Unfortunately, the Ford’s theater approach has turned out to be a poor fit for prairie restoration.  Prairies aren’t buildings that have specific architectural plans and well-defined pieces that can be collected and assembled to create a pre-defined end product.  Prairies are dynamic ecosystems that are constantly changing and evolving, and their components include organisms that interact with each other in complex ways.  Trying to recreate a prairie that looks and functions just as it used to – especially on a small isolated tract of land – is nearly impossible.

Reseeded prairie at The Nature Conservancy’s Kankakee Sands Restoration Project in Indiana. If the plant community today looks different than it did before it was farmed, is that really a failure of the restoration project?

That doesn’t mean small scale prairie restoration is a bad idea.  I think reestablishing vegetation that is similar to what was at a site many years ago can have tremendous historic and educational value, and can also provide important habitat for many grassland species.  Where this kind of prairie restoration falls flat is when we expect too much from it.  It’s really easy to find glaring differences between the restored prairie and what we know or think used to be there – soil characteristics are different, insect and wildlife species are missing, plant species are too common or too rare, etc.  These “failures” have led some people in conservation and academia to become disillusioned with the whole concept of prairie restoration.

In reality, prairie restoration has proven to be very successful, and is a tremendous tool for grassland conservation.  We just need to find and apply a better metaphor.

A Better Metaphor for Ecological Restoration

Unlike efforts to restore old buildings, prairie restoration projects should not be aimed at recreating something exactly as it existed long ago.  Instead, effective prairie restoration should be like rebuilding a city after large portions of it are destroyed in a major disaster.  When reconstructing a metropolitan area, replicating individual structures is much less important than restoring the processes the inhabitants of the city rely on.  The people living and working in a city depend upon the restoration of power, transportation, communication, and other similar functions.  Those people don’t care whether roads, power lines, or communication towers are put back exactly as they were before – they just want to be able to get the supplies and information they need, and to travel around so they can to do their jobs and survive.  Restoration success is not measured by how much the rebuilt areas resemble the preexisting areas, but by whether or not the city and its citizens can survive and thrive again.

Similarly, restoration of fragmented prairie landscapes should not be an attempt to recreate history.  It should be an attempt to rebuild the viability of the species – and, more importantly, the processes – that make the prairie ecosystem function and thrive.  Success shouldn’t be measured at the scale of individual restoration projects, but at the scale of the resultant complex of remnant and restored prairies.  Are habitat patches sufficiently large that area-sensitive birds can nest successfully?  Are insects and animals able to travel through that prairie complex to forage, mate, and disperse?  Are ecological processes like seed dispersal and pollination occurring between the various patches of habitat?  When a species’ population is wiped out in one part of the prairie because of a fire, disease, or other factor, is it able to recolonize from nearby areas?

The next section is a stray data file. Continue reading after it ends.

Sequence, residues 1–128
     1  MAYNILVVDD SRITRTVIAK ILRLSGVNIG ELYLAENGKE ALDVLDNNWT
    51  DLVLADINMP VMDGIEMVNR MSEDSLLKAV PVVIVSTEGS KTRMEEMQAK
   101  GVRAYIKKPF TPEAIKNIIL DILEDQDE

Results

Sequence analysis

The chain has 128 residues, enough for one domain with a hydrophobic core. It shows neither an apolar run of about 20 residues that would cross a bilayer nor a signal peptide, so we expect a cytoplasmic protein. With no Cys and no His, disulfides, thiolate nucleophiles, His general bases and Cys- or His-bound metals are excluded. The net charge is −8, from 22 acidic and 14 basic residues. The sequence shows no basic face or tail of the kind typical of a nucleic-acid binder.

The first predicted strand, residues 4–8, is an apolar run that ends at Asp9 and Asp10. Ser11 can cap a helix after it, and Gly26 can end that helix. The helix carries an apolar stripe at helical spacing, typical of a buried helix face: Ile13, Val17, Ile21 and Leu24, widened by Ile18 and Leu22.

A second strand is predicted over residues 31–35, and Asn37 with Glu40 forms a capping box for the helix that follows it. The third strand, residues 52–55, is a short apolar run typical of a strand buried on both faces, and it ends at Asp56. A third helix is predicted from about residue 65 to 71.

Pollination is an example of an important process that drives prairie function. Increasing the size and/or connectivity of prairies by restoring areas around and between prairie fragments can enhance the viability of pollination and other processes.

At first glance, choosing the appropriate metaphor for prairie restoration may seem insignificant compared to other challenges we face in grassland conservation.  However, if we’re going to successfully restore the viability of fragmented prairies, we can’t afford to waste time and effort worrying about whether or not we’ve matched pre-European settlement condition, or any other historical benchmark.  Instead, we need to focus on patching the essential systems back together.

After all, we’re not building for the past, we’re building for the future.

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Read more on this subject…

– An earlier blog post about using prairie restoration as a landscape scale conservation tool.

– A prairie restoration project case study, with ideas about how to measure its success.

– Some recent early attempts we’ve made to measure restoration success by looking at the responses of bees and ants.

– A post about the importance and definition of ecological resilience in prairies.